Future of Sharing: The President and CEO of New America Discusses a Better Way to Solving Civic Problems

Ann-Marie Slaughter heads the nearly 20 year old New America – a think tank that considers itself “a civic platform that connects a research institute, technology lab, solutions network, media hub and public forum.” Her wide-ranging and energizing conversation touched on many of the challenges and downsides of the new era of tech as as well as her optimism relating to how communities throughout the US are finding solutions.

As a student of history, she understands deeply the historic nature of the period of change that we’re in. It’s the early stages of this shift to a more fully digital world, and it’s going to be a “very, very bumpy ride” and she is worried because “change creates counter reaction and people are scared”. However, she also “thinks that this a period that we have gone through before, often driven by technology, a period where we are reinventing ourselves.”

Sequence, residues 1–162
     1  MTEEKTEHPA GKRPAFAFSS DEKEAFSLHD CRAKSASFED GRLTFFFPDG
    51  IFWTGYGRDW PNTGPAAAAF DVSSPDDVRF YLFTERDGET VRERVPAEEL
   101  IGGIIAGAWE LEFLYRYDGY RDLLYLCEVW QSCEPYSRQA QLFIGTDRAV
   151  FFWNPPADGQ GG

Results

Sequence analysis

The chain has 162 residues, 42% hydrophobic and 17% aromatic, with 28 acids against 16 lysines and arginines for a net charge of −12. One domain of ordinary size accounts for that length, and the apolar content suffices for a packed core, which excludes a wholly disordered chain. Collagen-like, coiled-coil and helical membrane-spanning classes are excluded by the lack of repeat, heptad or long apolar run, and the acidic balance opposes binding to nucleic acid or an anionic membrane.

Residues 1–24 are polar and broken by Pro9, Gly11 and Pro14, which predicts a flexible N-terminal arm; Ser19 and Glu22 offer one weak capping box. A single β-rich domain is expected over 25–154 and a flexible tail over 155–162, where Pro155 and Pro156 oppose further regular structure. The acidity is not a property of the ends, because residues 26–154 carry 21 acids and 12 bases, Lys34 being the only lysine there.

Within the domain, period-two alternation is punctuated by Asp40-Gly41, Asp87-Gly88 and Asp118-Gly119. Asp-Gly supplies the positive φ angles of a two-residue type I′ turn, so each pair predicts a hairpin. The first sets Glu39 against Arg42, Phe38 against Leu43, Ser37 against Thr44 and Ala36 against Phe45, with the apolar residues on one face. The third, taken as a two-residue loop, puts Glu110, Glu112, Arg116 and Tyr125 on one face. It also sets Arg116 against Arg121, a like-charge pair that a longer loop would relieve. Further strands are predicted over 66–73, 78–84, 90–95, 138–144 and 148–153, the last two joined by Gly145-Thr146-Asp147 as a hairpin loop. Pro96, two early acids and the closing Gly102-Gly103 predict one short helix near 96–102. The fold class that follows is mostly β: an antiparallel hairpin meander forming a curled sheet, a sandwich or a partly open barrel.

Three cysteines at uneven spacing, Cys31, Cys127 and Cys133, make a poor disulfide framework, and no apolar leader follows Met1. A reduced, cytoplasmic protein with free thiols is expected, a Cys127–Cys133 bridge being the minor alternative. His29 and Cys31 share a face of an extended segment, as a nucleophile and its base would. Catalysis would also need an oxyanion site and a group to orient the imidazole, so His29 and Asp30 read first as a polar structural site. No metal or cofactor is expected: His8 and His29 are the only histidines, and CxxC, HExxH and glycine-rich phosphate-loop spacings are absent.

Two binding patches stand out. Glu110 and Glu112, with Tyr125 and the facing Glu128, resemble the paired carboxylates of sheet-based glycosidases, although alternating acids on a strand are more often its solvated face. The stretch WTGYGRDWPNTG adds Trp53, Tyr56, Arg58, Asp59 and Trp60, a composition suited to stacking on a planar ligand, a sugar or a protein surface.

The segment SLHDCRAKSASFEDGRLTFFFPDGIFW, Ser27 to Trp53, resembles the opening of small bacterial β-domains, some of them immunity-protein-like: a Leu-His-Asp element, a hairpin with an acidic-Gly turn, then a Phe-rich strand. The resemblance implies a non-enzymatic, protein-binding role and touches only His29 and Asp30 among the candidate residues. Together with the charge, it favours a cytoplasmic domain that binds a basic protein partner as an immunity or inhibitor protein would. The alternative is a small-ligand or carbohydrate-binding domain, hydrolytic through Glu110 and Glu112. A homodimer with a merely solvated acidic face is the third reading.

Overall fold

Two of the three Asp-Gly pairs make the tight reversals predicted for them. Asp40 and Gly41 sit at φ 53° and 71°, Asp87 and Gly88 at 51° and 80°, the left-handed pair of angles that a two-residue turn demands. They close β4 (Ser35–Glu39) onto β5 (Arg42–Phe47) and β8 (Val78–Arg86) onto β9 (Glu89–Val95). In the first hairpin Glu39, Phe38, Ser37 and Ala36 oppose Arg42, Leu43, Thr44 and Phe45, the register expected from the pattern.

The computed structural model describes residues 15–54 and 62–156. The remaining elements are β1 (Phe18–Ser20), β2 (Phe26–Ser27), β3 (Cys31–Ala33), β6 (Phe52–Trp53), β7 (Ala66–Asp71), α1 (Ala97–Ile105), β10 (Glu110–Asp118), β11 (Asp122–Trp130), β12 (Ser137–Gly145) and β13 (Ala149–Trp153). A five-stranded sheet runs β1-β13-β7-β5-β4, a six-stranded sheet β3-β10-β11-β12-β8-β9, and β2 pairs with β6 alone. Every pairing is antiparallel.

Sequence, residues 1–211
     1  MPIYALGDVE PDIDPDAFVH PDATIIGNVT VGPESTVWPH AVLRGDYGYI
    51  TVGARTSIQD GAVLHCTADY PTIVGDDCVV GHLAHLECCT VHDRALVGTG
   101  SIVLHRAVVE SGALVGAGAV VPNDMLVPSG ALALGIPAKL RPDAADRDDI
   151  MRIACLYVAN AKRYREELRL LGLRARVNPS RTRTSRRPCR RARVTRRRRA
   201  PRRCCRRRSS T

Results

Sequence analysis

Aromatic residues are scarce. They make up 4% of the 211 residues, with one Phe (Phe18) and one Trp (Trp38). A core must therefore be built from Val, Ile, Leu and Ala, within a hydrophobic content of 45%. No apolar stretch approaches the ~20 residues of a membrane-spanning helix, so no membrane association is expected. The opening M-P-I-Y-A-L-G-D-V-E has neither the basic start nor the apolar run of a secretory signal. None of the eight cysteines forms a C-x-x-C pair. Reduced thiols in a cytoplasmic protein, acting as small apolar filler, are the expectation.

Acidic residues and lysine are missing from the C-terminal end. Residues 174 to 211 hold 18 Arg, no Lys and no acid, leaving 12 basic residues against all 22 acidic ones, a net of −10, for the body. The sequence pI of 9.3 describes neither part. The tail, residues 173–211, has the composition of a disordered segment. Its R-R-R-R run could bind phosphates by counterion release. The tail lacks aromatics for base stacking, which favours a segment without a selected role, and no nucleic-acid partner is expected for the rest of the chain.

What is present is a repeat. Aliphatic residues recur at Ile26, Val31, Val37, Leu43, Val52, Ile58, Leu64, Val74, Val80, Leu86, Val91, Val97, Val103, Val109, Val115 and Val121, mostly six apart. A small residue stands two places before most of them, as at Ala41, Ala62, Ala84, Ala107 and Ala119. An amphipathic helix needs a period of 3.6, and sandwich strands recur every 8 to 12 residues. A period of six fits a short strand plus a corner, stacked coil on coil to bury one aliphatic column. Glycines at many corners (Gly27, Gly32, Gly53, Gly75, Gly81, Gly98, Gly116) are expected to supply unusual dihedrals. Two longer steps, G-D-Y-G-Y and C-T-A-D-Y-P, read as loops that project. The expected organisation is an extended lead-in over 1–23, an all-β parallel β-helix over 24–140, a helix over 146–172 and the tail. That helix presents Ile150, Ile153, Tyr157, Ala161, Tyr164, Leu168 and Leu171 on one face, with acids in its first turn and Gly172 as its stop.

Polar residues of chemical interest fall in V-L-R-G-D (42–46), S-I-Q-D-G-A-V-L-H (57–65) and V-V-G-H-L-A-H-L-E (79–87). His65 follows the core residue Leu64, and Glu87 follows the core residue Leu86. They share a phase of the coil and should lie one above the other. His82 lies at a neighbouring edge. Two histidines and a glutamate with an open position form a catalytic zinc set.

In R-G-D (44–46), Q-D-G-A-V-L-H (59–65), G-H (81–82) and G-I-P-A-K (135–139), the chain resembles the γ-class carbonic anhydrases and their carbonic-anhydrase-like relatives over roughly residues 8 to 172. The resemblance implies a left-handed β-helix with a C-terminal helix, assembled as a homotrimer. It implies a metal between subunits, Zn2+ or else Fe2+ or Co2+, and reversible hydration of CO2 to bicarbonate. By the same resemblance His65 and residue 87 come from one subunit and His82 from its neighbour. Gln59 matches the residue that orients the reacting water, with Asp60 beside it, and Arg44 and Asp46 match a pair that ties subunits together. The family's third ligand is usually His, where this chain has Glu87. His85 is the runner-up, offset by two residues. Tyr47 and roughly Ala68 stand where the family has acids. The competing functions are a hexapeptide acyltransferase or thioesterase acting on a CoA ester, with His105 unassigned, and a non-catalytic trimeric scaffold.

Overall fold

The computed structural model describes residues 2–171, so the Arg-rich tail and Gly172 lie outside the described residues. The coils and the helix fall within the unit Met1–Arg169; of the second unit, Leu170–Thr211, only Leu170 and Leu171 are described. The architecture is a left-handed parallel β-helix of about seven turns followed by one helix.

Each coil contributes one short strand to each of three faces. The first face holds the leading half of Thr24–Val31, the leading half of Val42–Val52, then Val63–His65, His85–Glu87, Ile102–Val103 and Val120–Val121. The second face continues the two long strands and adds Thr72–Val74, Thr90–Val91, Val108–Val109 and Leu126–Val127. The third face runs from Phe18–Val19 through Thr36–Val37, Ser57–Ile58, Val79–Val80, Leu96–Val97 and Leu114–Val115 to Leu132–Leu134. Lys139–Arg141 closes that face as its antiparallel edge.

Even though Slaughter is based on the East Coast, she is considering the problems across the US (and to some extent globally), and sees the good will coming from many in the tech world. She also sees the heartland as the site of much of the rejuvenation that is needed, saying, “I don’t think there’s any important problem in the country that someone somewhere in some city, in some state, in some town has not come up with a good solution to, and who’s doing that in real time, right. Who’s got a new idea about K through 12 education and is implementing it and iterating just like we do with any startup.”

To keep that kind of problem solving moving forward in the heartland, a key ingredient is access to technology. One of those bumps is addressing the inclusiveness of the technology. According to Slaughter “you have to start with universal high-quality fast broadband. This is the electricity of our era … it’s time to take on all the vested interest and say this is the equivalent to providing roads and telephone poles and water pipes. I don’t know whether we make ISP provision a utility. I don’t know if government provides it, but without that, we are leaving people further and further behind.”

While a former foreign policy expert, she now sees the need to focus on how America needs to renew itself. In her words, “I don’t mean pullback from the world, but engage the world in different ways and really work hard on our own country, including of course as an immigrant country, as a country that reflects the world. I would not say let’s forget the world, but I would say the best thing maybe we can do in the world is to figure out the way forward for all Americans.”